I still have some time until I can get it worked on, I am waiting until my workplace hires me on full time now that my 90 day temp period is over.
I can post his website if anyone is interested, but I don't know if that breaks any forum rules.
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post #9 of 11 (permalink) Old 10-25-2010, 10:11 PM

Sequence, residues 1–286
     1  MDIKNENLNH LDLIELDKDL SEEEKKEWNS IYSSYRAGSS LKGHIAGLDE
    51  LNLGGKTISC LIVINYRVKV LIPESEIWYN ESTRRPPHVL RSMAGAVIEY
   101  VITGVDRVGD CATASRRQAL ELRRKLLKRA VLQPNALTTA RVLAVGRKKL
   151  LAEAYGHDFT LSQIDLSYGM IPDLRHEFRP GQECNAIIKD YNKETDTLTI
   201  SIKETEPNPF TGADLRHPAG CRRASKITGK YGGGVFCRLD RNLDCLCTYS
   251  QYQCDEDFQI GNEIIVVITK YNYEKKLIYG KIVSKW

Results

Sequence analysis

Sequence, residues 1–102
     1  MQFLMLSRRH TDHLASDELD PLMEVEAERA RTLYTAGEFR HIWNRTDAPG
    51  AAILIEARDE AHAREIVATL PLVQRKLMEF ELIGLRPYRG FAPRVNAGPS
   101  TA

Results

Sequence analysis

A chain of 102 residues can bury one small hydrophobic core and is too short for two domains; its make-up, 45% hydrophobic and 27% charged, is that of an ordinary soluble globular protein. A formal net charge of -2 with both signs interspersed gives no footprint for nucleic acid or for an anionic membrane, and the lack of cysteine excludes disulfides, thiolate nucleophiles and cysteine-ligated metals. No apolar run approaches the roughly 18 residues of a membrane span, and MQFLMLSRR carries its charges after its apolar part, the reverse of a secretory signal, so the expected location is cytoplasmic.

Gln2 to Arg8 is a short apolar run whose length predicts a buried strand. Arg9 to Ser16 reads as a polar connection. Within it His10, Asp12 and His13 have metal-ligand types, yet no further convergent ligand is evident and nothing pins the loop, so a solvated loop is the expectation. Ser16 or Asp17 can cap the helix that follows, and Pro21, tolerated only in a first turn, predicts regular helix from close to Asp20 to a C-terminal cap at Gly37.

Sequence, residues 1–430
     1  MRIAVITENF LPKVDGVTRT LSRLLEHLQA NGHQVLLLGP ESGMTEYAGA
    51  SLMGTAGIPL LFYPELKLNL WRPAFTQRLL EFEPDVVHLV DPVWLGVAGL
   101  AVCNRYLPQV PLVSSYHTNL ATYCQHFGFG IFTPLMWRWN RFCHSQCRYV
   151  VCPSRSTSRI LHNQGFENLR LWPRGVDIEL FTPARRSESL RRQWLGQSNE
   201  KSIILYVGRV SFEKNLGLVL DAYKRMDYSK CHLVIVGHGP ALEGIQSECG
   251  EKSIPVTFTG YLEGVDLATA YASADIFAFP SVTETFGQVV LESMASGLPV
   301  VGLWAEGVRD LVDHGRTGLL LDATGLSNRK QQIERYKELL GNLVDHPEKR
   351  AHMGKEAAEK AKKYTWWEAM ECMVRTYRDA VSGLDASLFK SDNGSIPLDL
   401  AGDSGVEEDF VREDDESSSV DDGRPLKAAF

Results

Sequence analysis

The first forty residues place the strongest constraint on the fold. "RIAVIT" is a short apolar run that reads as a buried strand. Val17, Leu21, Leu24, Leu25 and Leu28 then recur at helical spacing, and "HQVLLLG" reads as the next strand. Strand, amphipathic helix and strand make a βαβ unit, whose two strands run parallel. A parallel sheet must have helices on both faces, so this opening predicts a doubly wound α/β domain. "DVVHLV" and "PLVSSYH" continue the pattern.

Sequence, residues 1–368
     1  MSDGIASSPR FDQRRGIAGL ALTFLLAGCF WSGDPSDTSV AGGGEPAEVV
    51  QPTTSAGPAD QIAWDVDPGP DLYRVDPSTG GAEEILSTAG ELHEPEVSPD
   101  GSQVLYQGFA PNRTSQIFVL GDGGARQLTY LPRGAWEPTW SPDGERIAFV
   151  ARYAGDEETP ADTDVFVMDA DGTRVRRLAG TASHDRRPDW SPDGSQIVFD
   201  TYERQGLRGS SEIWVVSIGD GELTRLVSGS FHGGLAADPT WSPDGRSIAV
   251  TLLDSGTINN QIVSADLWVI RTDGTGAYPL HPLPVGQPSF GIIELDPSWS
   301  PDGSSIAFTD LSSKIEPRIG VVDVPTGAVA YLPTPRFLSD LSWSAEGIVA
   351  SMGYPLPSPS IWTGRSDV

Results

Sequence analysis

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as an owner and operator of an auto body shop i have restored many vehicles. do you have any idea how difficult it is to write up an agreed estimate on a classic car? it is almost impossible. my shop is in wisconsin so rust is a huge issue that most times can't be truly seen until after the strip session and basic teardown are completed. how can a shop honestly peg a number before the the vehicle is truly inspected? i have seen many cars roll onto my floor looking halfway decent just to find all sorts of creative bodymen long before my time have hacked something into a thing of beauty(filler is amazing when applied properly). what do you do then? suck it up and work 6 months for free? i think not. what i do is write up a sheet to the best of my ability before the repair begins and always ask for at least half of the money up front. after the basic teardown is complete we come to a new agreed price. it also seems that everytime the customer stops in they produce a new part or idea that i am supposed to install or complete for free. how is that fair? before everyone starts bashing shops think about some of the customers shops deal with. i have had more than enough customers tell me 3 months in when i am about to spray that they ran out of money. wtf? what am i supposed to do? store your car for free wasting valuable shop space while you convince your wife to let you spend some more money on your midlife crisis machine? i think not. my best advice is to find a small honest shop with a good reputation. the large shops tend to treat people like #'s. if you are going to drop some serious money ask to speak to a few of their past customers(any decent shop has more than a few people bragging about finding you first) or get some small work done first and see how they operate.